Saturday, April 14, 2018

In Dan's Garage...#128

Greetings music lovers!!!! As usual I must give many heartfelt apologies for the utter lack of effort in getting these posts "posted" on a regular basis. It's not that I do not have a desire to do so, or have a lack of new material, on the contrary, fresh 45's pour in on a regular basis and I'm having a hard time keeping up with archiving and sorting and blah blah. Fact of the matter is, I have the radio spot which I do every week on Radio Free Phoenix and Deep Oldies, and that takes up a good chunk of my record playing time. The rest of my time is used up with life just getting in the way of things. NONE OF THIS IS A BAD THING. On the upside, because of my "situation" I've been able to upgrade my recording system, and get some cool items like a proper workstation for my turntable and speakers and mixer, and I've even got one of those boom things for my mic just like you see on re-runs of WKRP In Cincinnati! The long and the short of it is that I have to delegate my record playing time to one or the other so since I am an "employee" of Radio Free Phoenix and Deep Oldies, I have priorities. The good news is I still find time to spin 45's exclusively for the "Dan's Garage" blog which is why we are here today!!! I'd also like to thank all of you followers and friends who have left me kind comments over the last three or four months. You people are great! I'll continue with the rest of the re-ups ASAP. As for this edition, too many new 45's too mention in this one post, but I've tried to cover as much sonic ground as I possibly can. Something here for everyone, frat, garage, psychedelic, pop, you name it. That's what we are all about. Dig it.

Rivieras - Let's Have A Party / Little Donna (1964)
Woo Hoo!! Here's a rip roarin' 45 that'll peel the paint off of your car! You got to give South Bend, Indiana's Rivieras a lot of credit for sticking to their  guns stylistically, as they were one of the very last U.S. groups to have a hit stateside before the British Invasion came along. They really never changed their style of wild frantic frat/surf rock played at breakneck speed. The A side features the BEST cover of Wanda Jackson's "Let's Have A Party" and the flip is just as good! A re-work of Chuck Berry's "Rock & Roll Music" called "Little Donna" with such awesome lyrics like..."She's got a shape that's-a really keen-a, and she comes from Pasadena". True genius.

Bobby & Laurie - Hitch Hiker / You'll Come 'Round (1966)
Bobby & Laurie, also known as Bobby Allen and Laurie Bright, were a very popular duo from Australia, kind of like an Aussie Everly Brothers, or really more like a Peter & Gordon or Chad & Jeremy style duo, except these guys were WAY more aggressive and rockin' that their U.K. and U.S. counterparts. Even on the A side of this 45 that is a cover of Roger Miller''s "Hitchhiker", which originally was a country storyteller type song that was Miller's style, they intensify it with some wicked guitar swells that creates a real tense mood throughout the entire song. The flip is a great freakbeat number with awesome two part harmonies throughout.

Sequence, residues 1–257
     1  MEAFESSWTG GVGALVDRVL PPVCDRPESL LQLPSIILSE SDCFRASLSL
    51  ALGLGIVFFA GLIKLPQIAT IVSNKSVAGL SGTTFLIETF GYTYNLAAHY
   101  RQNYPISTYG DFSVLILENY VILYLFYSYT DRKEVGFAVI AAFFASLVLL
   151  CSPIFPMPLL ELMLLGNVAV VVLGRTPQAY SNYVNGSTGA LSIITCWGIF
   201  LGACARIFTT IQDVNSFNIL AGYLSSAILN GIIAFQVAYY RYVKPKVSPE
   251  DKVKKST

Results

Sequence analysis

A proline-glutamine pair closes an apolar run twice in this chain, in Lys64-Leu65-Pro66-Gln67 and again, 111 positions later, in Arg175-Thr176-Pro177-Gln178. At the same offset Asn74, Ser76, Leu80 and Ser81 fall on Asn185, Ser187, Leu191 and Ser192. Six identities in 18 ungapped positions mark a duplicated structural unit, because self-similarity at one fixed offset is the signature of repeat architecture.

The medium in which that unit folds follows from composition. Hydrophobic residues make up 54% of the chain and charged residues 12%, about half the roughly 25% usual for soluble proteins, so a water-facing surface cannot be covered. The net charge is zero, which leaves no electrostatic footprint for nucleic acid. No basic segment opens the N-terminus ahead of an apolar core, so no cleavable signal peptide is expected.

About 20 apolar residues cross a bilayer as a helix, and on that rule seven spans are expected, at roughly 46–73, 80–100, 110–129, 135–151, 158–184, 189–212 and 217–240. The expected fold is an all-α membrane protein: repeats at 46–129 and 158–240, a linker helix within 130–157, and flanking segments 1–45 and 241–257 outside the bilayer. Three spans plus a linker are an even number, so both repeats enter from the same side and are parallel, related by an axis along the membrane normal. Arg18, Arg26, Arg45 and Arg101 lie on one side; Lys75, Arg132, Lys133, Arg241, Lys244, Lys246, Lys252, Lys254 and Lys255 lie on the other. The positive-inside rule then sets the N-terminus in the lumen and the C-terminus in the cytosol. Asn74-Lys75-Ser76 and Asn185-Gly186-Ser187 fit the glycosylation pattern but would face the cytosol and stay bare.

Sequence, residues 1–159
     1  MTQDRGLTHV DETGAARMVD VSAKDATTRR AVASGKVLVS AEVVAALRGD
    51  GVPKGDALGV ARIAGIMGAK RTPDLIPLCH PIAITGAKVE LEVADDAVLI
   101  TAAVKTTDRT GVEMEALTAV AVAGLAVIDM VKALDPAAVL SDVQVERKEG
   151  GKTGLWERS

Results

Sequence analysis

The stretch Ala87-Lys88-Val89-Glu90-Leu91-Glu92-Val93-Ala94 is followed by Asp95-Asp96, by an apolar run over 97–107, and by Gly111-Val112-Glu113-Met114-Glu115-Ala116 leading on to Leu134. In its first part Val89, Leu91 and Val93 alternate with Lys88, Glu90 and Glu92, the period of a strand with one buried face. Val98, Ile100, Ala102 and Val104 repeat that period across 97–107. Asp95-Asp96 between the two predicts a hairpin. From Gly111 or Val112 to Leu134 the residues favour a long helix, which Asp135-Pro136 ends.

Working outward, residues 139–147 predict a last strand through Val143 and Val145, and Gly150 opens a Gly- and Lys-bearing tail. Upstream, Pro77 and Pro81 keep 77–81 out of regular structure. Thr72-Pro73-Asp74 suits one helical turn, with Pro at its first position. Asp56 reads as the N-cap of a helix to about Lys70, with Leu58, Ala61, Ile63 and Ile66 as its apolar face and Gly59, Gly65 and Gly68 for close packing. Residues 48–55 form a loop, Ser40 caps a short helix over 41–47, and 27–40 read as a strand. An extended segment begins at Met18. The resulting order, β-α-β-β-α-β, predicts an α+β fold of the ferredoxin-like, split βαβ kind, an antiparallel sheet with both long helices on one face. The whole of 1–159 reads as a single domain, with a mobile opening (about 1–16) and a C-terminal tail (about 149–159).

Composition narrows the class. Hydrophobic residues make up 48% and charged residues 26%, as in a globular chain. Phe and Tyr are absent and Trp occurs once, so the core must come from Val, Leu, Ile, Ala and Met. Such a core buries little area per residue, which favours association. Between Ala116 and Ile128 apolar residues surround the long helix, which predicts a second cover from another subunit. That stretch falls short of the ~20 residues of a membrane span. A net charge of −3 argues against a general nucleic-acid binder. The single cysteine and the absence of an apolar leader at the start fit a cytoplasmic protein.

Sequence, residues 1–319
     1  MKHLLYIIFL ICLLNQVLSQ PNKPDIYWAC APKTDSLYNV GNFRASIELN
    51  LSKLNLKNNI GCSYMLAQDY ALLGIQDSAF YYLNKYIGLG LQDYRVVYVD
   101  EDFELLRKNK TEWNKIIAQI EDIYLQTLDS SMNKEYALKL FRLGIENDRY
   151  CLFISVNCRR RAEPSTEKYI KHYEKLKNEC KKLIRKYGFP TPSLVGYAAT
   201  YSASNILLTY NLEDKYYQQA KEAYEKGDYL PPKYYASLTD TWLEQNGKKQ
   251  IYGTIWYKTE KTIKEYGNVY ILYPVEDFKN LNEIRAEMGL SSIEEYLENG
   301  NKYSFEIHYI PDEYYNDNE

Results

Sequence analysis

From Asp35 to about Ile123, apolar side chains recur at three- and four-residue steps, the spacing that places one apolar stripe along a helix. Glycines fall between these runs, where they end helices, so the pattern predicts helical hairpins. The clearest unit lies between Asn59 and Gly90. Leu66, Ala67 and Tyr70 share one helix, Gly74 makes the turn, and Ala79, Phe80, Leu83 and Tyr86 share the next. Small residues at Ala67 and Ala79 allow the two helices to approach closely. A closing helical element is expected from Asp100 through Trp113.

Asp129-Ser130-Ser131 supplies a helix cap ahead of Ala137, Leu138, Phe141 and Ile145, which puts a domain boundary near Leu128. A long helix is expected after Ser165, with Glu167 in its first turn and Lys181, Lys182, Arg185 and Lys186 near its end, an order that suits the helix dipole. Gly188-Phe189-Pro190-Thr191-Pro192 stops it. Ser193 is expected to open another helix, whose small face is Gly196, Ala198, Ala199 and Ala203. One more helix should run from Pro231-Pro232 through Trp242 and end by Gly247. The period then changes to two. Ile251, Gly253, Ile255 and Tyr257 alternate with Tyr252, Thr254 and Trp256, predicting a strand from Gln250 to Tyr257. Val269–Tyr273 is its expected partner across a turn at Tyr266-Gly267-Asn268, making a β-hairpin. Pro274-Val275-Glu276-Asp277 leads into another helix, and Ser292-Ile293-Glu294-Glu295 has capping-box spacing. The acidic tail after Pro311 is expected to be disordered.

Hell-Fire - Please Come Home Again / The Town Of Dark (196?)
Here's a real obscure 45 by a group out of Belgium that I could not find any info on, except that they were from Belgium and it was released on the rather unknown Carina Records label. Both sides are pretty good organ driven beat tunes.

Samy Phillip - When I Say I Love You I Mean It, And I Don't Change My Mind / Baby, I Love You Today (1965)
One of the longest titles I've ever seen, right up there with The Outsiders' "What Makes You So Bad, You Weren't Brought Up That Way". Samy was actually a guy named Hirth Martinez that was in on the East L.A. scene back in the sixties with the likes of The Premiers, The Romancers (of "She Took My Oldsmobile" fame) Thee Midnighters and a host of other great Hispanic acts from that era. This 45 is a great mix of snotty punk and some Dylan influence. There's an in depth story about Samy if you click HERE. This was featured on Boulders #2 and I don't think it's been comped since, but I could be wrong......

Twilights - Needle In A Haystack / I Won't Be The Same Without Her (1966)
The Twilights were a rather popular group in Australia, but only managed to release this lone 45 in the U.S. which got picked up by Capitol Records in an effort, I would surmise, to capitalize on the interest in beat groups from Australia because of the success of The Easybeat's "Friday On My Mind". I'm probably wrong about that because I'm just playing "armchair" critic here, but one has to wonder why any group from Australia were picked up by any American record label if they weren't trying to cash in on a trend. The Twilights released 19 45s in Australia between 1965 and '68, but just this measly one here in the U.S. It's a shame because both sides of this are really good. The A side is a cover of The Velvelettes "Needle In A Haystack", a sorely overlooked song released on Tamala Records back in '64, but the flip is the most intriguing. "I Won't Be The Same Without Her" was recorded by the Monkees in 1966 but was shelved till 1969 when it appeared on their "Instant Replay" L.P. To muck up the story even more, Chicago area act, The Warner Brothers, also covered it (a truly fine version IMHO). So where did these guys get the idea to record this??? It was a Goffin-King composition so it may have been handed to them by record producers, or they may have heard The Warner Brothers version, or maybe they had some inside info on what The Monkees were recording at the time? Inquiring minds want to know! Oh, by the way, lead singer Glenn Sharrock ended up in the very popular Little River Band.